The rifle above is a curious example of weapons coming full-circle and being reinvented. This is the “44 Bore” rifle, a colloquial name given to AK type rifles rechambered for the German 7.92 x 33 mm Kurz (sometimes referred to as 8 x 33 mm) cartridge in Pakistan. How this cartridge came to be popular in the tribal areas of Pakistan is something of a mystery. According to Muhammad Yasin of the Punjab Forensic Science Agency, the Pathan tribes claim the cartridge as an indigenous development. However, the name appears to result from either the designation of the Nazi German Sturmgewehr 44 rifle (‘StG 44’), one of the weapons which originally chambered the 7.92 x 33 cartridge, or from British 7.62 x 51 mm cartridge cases bearing the “L44A2” headstamp which were commonly reformed into 7.92 x 33 dimensions.
Naming origins aside, what makes these rechambered AK type rifles interesting is that they are able to chamber and fire both the standard 7.62 x 39 mm cartridge as well as the 7.92 x 33. The bore diameter is left unchanged – 7.92 mm projectiles are simply squeezed down to 7.62 mm upon firing. This increases pressures, but not so much as to create a critical problem (though it is likely to cause headspacing issues in the weapons over time).
The chambers are reamed to accept the 7.92 x 33 cartridge, which is short enough that doing so still leaves enough intact material around the case mouth for the chamber to adequately headspace a 7.62 x 39 cartridge. The rear end of the chamber remains larger than the 7.62 x 39 case – 11.95 mm vs 11.3 mm – but the case head is held in place by the bolt face. This is unlikely to be considered as “safe practice” by many experienced shooters in other countries.
Perhaps the closest to this type of rechambering in Western use is a relatively similar technique used to rechamber .303 barrels to accept the 7.62 x 54R mm cartridge. For some owners of Bren and Vickers guns, investigating a way to use cheap and available surplus ammunition instead of the much more scarce and expensive .303 round, 7.62 x 54R was attractive since both cartridges use .311 bore diameter, and both use rimmed cases. The conversion requires running a 7.62 x 54R reamer into a .303 chamber. Both rounds headspace on the rim, but 7.62 x 54R ammo fired in such a reamed chamber will exhibit a double shoulder.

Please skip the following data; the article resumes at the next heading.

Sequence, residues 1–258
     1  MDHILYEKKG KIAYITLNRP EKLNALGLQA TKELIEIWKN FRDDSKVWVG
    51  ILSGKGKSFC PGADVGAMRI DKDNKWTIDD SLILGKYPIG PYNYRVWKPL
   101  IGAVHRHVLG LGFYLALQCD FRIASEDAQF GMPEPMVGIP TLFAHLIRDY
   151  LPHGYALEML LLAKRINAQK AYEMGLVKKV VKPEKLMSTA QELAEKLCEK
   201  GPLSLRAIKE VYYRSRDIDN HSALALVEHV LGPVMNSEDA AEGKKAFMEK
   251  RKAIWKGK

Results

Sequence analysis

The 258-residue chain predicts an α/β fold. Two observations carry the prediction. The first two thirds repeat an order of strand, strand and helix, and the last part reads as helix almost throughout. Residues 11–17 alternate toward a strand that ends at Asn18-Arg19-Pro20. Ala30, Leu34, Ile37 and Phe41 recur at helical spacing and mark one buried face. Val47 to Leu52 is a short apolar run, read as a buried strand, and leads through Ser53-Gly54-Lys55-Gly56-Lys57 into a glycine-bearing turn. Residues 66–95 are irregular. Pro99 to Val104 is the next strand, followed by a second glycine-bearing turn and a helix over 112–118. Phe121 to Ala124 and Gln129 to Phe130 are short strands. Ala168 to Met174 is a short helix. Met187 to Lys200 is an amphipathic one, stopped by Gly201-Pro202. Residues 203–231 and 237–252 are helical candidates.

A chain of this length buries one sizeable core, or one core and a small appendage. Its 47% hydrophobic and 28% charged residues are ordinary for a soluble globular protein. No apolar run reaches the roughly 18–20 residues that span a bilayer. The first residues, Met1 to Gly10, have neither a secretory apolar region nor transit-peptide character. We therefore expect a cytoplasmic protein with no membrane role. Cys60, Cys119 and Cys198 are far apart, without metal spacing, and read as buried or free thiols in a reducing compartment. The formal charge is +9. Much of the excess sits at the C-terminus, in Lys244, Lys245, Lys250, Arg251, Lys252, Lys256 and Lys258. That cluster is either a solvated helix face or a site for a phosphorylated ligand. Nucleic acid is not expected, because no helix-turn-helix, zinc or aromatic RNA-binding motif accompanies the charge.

In addition to a double shoulder, a 7.62 x 39 case fired in a Pakistani 44 Bore rifle, as in the photo below, will expand all around the body of the case because of the larger diameter of the 7.92 mm chamber.
Left to right: 7.92 x 33 cartridge, 7.92 x 33 fired case, 7.62 x 39 fired case, 7.62 x 39 cartridge. The bulging around the fired 7.62 x 39 casing, in addition to an extra shoulder, is very evident here.
The motivation for the 44 Bore modification appears to stem from Pakistani gun laws. As with many other countries, Pakistan restricts civilian ownership of firearms in “military calibres”, which includes 7.62 x 39. The 7.92 x 33 appears to have been obsolete and obscure enough to escape official notice, and was not listed as a restricted calibre. By rechambering commonly-available AK variant rifles for 7.92 x 33, people could legally own rifles which just happened to be able to use 7.62 x 39 ammunition as well. According to one source, the Pakistani government closed this loophole in 2012 when they added 7.92 x 33 to the restricted cartridge list.
There is little information available on how magazine capacity is affected by using 7.92 x 33 ammunition, though it seems standard AK magazines function without modification. One YouTube video appears to show a 44 bore rifle using a 5.45 mm or 5.56 mm, or custom magazine. Forgotten Weapons produced the video below showing how the 7.92 x 33 cartridge loads into these different magazines.
A source in Pakistan reports that his 44 bore rifle uses standard 7.62 x 39 AK magazines, and loads 28 rounds into a magazine. Feed problems appear to be fairly rare, and when they do occur are caused by the shorter case having extra space to travel to the chamber, since the magazine was designed for the longer 7.62×39 cartridge. The two following photos show the 7.92x33K rounds loaded into standard AK magazines.
Typically, 7.92 x 33 ammunition in Pakistan is made primarily from 8 x 57 mm and 7.62 x 51 mm cases, given their availability and close cartridge head dimensions. The image below shows a 7.92 x 33 round with headstamp markings that would otherwise indicate 7.62 x 51 NATO ammunition.
Editor’s Note: AK type rifles have been documented by ARES in a wide range of calibres, including 7.62 x 25 mm, 9x 18 mm, 9 x 19 mm, 5.45 x 39 mm, 5.56 x 45 mm, 7.62 x 39 mm, 7.62 x 54R mm, 7.92 x 33 mm, 7.92 x 57 mm, and smoothbore variants chambered for various shotshell cartridges (and more!).